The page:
If Australia moves ahead of the rest of the world to curb carbon emissions, there will be no benefit to Australia or the world but a potentially very high cost to us, involving extensive restructuring and transfers of wealth within Australia and from Australia to emerging economies.”

I think that message is worth repeating. The rest of the column can be read here.

Tuesday, July 1, 2008

What does happiness research tell us about the trade-off between inflation and unemployment?

The best place to begin is with the misery index. What is the misery index? No, it isn’t a measure of the average happiness level of economists. The misery index is the sum of the inflation rate and the unemployment rate. The concept was apparently created by Arthur Okun in the 1960s (see here) but it wasn’t the best idea he ever had. (Arguably, Okun’s best idea was the ‘leaky bucket’ metaphor. Redistribution of income from the rich to the poor is like carrying water in a leaky bucket. Some of the contents of the bucket is lost in transit. More information can be found here.)

The problem with the misery index is that it assumes that a percentage point increase in inflation creates just as much misery as a percentage point increase in unemployment. That assumption might make some sense if we had no information about the relative amounts of misery caused by inflation and unemployment, but that is not the case.

The results of happiness research suggest that unemployment has large negative effects on satisfaction with life. Research suggests that an increase in annual income of over $40,000 (over and above unemployment benefits) would be required to give Australian males who are unemployed the same probability of experiencing high life satisfaction as someone who is employed. The corresponding income increase for women was estimated to be about twice as large (for reasons unknown). Larger required income differences have also been estimated for other countries (see Nick Carroll, ‘Unemployment and psychological well-being’, Economic Record, Sept. 2007).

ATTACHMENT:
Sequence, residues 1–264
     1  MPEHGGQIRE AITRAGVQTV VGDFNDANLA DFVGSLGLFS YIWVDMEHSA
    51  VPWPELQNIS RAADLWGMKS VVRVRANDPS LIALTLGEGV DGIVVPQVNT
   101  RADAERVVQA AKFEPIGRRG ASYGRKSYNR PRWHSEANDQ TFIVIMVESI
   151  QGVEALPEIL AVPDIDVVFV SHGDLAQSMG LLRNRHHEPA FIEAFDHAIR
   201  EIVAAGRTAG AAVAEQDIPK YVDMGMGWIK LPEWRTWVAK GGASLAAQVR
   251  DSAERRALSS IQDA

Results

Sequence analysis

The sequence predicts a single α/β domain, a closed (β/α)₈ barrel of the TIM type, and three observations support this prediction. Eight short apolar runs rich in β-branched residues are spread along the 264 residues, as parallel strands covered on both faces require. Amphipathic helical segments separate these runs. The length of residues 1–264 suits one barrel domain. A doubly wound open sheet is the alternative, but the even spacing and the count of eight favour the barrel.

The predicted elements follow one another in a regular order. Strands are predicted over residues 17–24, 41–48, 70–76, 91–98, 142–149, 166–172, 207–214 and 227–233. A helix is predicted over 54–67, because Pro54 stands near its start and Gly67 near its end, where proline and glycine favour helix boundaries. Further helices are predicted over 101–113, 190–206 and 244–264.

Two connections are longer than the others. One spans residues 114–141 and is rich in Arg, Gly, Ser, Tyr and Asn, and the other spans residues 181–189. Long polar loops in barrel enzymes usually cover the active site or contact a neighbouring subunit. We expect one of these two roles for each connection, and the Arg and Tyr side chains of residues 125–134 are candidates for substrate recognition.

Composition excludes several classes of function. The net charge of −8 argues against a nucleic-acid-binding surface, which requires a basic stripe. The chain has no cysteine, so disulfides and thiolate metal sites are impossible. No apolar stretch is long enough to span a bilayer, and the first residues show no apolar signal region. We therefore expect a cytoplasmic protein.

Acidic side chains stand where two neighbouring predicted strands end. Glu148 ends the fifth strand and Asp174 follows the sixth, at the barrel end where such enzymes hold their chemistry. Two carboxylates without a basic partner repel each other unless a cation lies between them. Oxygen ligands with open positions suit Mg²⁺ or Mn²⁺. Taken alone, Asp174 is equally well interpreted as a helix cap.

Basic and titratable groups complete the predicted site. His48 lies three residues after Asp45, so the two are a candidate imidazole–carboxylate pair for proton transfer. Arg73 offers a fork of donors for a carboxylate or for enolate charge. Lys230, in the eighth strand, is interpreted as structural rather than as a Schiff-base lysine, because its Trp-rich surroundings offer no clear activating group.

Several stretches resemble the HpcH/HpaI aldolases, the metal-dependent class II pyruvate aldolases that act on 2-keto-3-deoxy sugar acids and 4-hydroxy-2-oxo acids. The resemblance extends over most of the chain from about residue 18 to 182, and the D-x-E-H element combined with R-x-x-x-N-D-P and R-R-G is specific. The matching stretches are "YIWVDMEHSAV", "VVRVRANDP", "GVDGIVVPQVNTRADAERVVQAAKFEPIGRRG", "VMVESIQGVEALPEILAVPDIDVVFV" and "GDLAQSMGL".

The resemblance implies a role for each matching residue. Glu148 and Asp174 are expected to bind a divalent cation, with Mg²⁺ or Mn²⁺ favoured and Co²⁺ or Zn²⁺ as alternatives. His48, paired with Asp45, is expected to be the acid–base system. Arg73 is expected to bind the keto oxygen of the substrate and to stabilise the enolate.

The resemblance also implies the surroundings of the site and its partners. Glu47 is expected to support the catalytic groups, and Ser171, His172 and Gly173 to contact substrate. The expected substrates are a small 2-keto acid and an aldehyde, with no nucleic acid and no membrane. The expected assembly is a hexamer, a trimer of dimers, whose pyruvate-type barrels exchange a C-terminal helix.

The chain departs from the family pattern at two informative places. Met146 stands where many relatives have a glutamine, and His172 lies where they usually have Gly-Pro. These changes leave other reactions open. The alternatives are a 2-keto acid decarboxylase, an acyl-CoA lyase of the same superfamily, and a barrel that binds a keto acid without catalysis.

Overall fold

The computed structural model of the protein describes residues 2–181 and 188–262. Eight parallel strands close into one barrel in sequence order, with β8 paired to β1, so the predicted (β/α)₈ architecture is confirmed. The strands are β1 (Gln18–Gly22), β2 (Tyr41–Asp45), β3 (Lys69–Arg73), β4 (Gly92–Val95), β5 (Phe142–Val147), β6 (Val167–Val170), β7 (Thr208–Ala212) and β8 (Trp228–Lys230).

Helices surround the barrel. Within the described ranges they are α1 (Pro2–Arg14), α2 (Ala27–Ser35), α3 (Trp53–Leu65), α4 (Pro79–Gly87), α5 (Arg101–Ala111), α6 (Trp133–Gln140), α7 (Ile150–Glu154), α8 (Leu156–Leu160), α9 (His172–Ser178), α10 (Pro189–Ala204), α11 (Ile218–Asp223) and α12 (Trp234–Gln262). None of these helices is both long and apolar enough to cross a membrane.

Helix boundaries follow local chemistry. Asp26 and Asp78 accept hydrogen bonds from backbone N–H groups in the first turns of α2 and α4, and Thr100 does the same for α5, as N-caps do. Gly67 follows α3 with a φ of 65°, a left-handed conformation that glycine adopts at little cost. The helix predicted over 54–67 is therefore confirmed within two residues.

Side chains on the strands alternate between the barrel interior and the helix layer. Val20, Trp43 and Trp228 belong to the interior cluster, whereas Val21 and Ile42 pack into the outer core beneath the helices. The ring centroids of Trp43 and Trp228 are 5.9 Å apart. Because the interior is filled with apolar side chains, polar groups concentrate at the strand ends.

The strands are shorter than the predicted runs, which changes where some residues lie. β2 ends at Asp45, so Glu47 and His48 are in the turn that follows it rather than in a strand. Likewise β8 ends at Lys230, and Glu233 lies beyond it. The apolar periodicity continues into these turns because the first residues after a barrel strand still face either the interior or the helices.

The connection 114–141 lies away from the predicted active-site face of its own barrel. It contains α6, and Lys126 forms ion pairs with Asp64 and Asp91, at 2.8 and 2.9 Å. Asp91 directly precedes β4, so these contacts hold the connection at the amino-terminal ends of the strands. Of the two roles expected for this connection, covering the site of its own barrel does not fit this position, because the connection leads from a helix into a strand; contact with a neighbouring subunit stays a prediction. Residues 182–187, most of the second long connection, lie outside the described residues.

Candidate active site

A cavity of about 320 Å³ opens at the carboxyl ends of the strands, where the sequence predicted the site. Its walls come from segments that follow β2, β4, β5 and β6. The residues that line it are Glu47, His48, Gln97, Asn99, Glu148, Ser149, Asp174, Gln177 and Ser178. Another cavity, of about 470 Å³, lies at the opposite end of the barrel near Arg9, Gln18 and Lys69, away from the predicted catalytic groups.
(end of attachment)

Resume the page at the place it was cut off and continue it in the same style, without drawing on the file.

Happiness research suggests that although inflation has significant negative effects on satisfaction with life these effects are smaller than the effects on unemployment. Using a large European data base, Justin Wolfers has estimated that a percentage point of unemployment causes about 5 times more unhappiness than a percentage point of inflation (‘Is business cycle volatility costly’, International Finance, 2003, here).

If we can assume that a similar ratio applies in Australia, would this mean that the Reserve Bank would have to be crazy to contemplate policy action that would reduce inflation by a percentage point if this was likely to result in an increase in unemployment of 2 percentage points? No. In order to do this calculation properly it is necessary to take into account the duration of these expected effects of policy actions. If the reduction in inflation is expected to be permanent and the increase in unemployment is expected to last for only one year, the policy action would make sense. A clever politician might even be able to sell such an outcome to the public as “the recession we had to have”.

The obvious point is that if the Reserve Bank is able to demonstrate its resolve to prevent inflationary expectations from taking hold it will be able to avoid resorting to the unpalatable option of inducing a recession in order to reduce inflation. Unfortunately, the Bank is under pressure from some economists to view recent increases in inflation as having been “imported” and hence to take no action against them. I don’t know how anyone can argue that inflation can be imported in a country that has a floating exchange rate - but that may not mean much because I still count myself among those who think that “inflation is always and everywhere a monetary phenomenon”.